I’m gearing up for a new certification effort, but after eighteen years of progressive experience in IT, a piece of paper or some new initials in my email signature was an extrinsic motivator I didn’t need. Still I found something about the entire process inviting and realized that it was the intrinsic benefits of certification that was attracting me. So I thought I’d share what some of those intrinsic benefits are.
Benefit #1: Knowledge: Right — I was interested in learning after all.
What do you do when you want to learn a new ‘thing’? How do you build up knowledge on that thing? There’s the UDP-study method: You can go on a research bender and read everything you can find on this subject and somehow synthesize it and assemble it in your mind. You read articles and how-to’s in any order you find them, dropping ones that are too technical only to hope they resurface later in your studies when prerequisite knowledge has been processed.
But after all of this, how do you know when you’re done; when you know enough on a topic to satisfy your appetite? UDP has no concept of an established session after all.
Seeking certification can be a good approach for this. The path to certification involves classroom or self-study methods with a prescriptive standardized lesson plan. It’s the TCP-study method: The topics have already been developed and properly sequenced so that there is an efficient beginning and end, and the modules build on one-another. There is a clear start and finish.
In my new role, I’m required to have a degree of expertise in campus wireless LANs. All my time working with data center networks, servers, and storage didn’t teach me a thing about enterprise WiFi. So in order to being myself to a level beyond “I run my home router on channel 6 and my neighbour runs theirs on channel 1”, I need to start studying.
Whether CCNA Wireless or CWNP, someone has written an ordered lesson-plan for me, followed by some exam that proves I’ve retained what I’ve studied.
Benefit #2: Self-assurance: I may not know all the details, but I know enough to hold a room.
We technical people can be quite cruel to one-another without even realizing it. We probe each other in order to establish the groundwork for how deep a technical discussion will go. The first few exchanges of a conversation with a new tech-savvy peer is a bit like a TCP handshake:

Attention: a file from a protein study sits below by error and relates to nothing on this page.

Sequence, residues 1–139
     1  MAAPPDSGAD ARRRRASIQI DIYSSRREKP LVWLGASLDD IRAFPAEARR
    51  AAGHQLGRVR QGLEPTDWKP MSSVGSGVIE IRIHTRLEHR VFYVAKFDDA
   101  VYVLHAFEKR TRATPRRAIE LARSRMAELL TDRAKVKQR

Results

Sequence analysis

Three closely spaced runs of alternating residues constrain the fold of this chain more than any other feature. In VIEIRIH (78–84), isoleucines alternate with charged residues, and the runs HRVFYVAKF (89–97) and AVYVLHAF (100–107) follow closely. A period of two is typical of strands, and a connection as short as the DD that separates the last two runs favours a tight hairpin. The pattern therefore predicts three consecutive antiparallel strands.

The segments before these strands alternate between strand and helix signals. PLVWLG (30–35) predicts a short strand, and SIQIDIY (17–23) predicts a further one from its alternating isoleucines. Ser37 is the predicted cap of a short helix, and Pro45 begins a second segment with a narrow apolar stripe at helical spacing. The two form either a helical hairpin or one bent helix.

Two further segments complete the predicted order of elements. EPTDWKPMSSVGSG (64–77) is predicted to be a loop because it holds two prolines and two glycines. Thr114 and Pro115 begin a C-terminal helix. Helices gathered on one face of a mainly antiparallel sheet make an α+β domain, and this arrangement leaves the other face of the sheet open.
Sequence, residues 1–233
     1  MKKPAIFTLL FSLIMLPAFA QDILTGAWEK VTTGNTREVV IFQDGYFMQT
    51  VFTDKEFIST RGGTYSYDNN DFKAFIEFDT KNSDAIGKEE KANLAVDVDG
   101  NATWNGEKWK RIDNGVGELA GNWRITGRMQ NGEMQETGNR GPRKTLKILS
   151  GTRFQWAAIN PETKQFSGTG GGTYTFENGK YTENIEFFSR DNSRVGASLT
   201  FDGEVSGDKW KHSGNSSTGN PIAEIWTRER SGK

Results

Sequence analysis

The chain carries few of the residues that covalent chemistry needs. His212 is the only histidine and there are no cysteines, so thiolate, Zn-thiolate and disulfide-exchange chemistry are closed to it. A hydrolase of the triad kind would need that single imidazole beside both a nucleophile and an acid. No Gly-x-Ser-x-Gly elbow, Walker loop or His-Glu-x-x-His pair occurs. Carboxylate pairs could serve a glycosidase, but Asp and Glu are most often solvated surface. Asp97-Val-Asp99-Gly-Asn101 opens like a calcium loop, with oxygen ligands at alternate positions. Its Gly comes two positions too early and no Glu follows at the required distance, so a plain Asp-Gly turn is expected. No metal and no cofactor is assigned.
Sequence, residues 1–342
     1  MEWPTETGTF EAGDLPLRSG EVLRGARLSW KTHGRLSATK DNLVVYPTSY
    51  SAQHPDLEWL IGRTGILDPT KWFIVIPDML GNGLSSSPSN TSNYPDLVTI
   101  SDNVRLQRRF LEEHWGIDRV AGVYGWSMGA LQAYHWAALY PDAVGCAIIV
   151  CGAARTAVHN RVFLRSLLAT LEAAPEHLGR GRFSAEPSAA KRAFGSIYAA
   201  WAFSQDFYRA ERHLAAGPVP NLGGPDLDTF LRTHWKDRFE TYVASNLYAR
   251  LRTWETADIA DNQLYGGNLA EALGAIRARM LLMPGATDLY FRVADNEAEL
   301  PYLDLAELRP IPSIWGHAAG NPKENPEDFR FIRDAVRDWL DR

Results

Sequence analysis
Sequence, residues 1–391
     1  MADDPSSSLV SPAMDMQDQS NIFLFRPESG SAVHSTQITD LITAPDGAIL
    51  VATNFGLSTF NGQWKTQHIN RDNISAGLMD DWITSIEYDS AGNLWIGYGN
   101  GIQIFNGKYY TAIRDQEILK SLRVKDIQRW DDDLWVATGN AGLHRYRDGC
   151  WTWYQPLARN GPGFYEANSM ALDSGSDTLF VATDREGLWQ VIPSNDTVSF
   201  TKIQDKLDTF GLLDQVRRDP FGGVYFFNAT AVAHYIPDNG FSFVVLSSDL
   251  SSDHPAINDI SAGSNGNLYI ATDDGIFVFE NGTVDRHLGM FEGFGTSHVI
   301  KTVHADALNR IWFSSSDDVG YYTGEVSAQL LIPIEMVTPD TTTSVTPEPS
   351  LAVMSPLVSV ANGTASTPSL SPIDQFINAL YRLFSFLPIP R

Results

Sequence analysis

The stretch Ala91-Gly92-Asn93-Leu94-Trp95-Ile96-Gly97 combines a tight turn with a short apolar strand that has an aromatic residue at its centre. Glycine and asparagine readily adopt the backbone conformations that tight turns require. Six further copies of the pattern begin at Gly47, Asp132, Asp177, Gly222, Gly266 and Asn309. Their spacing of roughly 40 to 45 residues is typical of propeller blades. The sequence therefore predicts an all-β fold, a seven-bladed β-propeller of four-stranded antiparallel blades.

- Feelers are put out with a technical question or comment (SYN) and you know you’re being assessed for technical depth.
- Succeed (SYN/ACK) and you pass the sniff test (ACK), and therefore establish a session of mutual respect.
- Fail (???/???), and the conversation needs to take a different direction (RST).
Every once in awhile I get deep into a discussion with a client, a colleague, or an industry expert and I get that sudden feeling: ‘Uh-oh, they’ve lost me’. Knowing that I’ve got something concrete to my technical foundation is the difference between being able to confidently stand my ground ask for more details, and timidly cowering behind a veil of impostor syndrome.
Put simply – I don’t need a cert to show others what I know, but rather to reassure myself what I have learned thus far, and allow myself to confidently continue to learn from others
Benefit #3 Mentorship: Because I’ve had the concepts spoon-fed to me, I can provide the same bite-sized chunks to others.
This isn’t specific to certification, but of any educational pursuit. There is an intrinsic benefit in taking another look at foundation level concepts, especially if you were never taught them before. You learn how to teach them to others.
Many of us did not develop our technical skills formally; rather they were learned on the job, usually during (or after) a serious outage. If we were fortunate, we probably had mentors who shared their tricks with us. As we grow in our careers, eventually we become the mentors.
Ever try to explain to someone with little to no network experience what “layer 3” means? How far did you get into explaining the OSI model before you lost them? For me it was the moment I realized I couldn’t explain the specifics of encapsulation/decapsulation without getting overly technical, because I hadn’t had to break it down like that in over a decade.
What I got out of studying for the entry-level CCENT certification was not only a brush-up on this foundational knowledge, but the ability to also deliver the information in the same bite size chunks as I was getting it from the textbooks. I was learning how to teach.
There’s nothing wrong with seeking a certification for the more well known extrinsic benefits of career advancement and recognition. That was certainly my motivator when I first sat the CCNA all those years ago. Debate all you want about which credentials are better or more recognized; the fact is that they can help those seeking advancement in their careers. It’s just that not everyone has those desires, and for that crowd I argue there remains very valid reasons to pursue the same path.
So for those anti-certification folks out there, I challenge you to pick a certifiable topic; something you know well, or maybe something you’ve been meaning to learn. Set a goal to get certified in something and go through with it. The piece of paper be damned — do it for the personal growth factors.
In the end I believe you’ll realize the benefits I’ve listed above, and perhaps even a shared respect for those who’ve earned the same designation before you, even if their motivators were entirely different.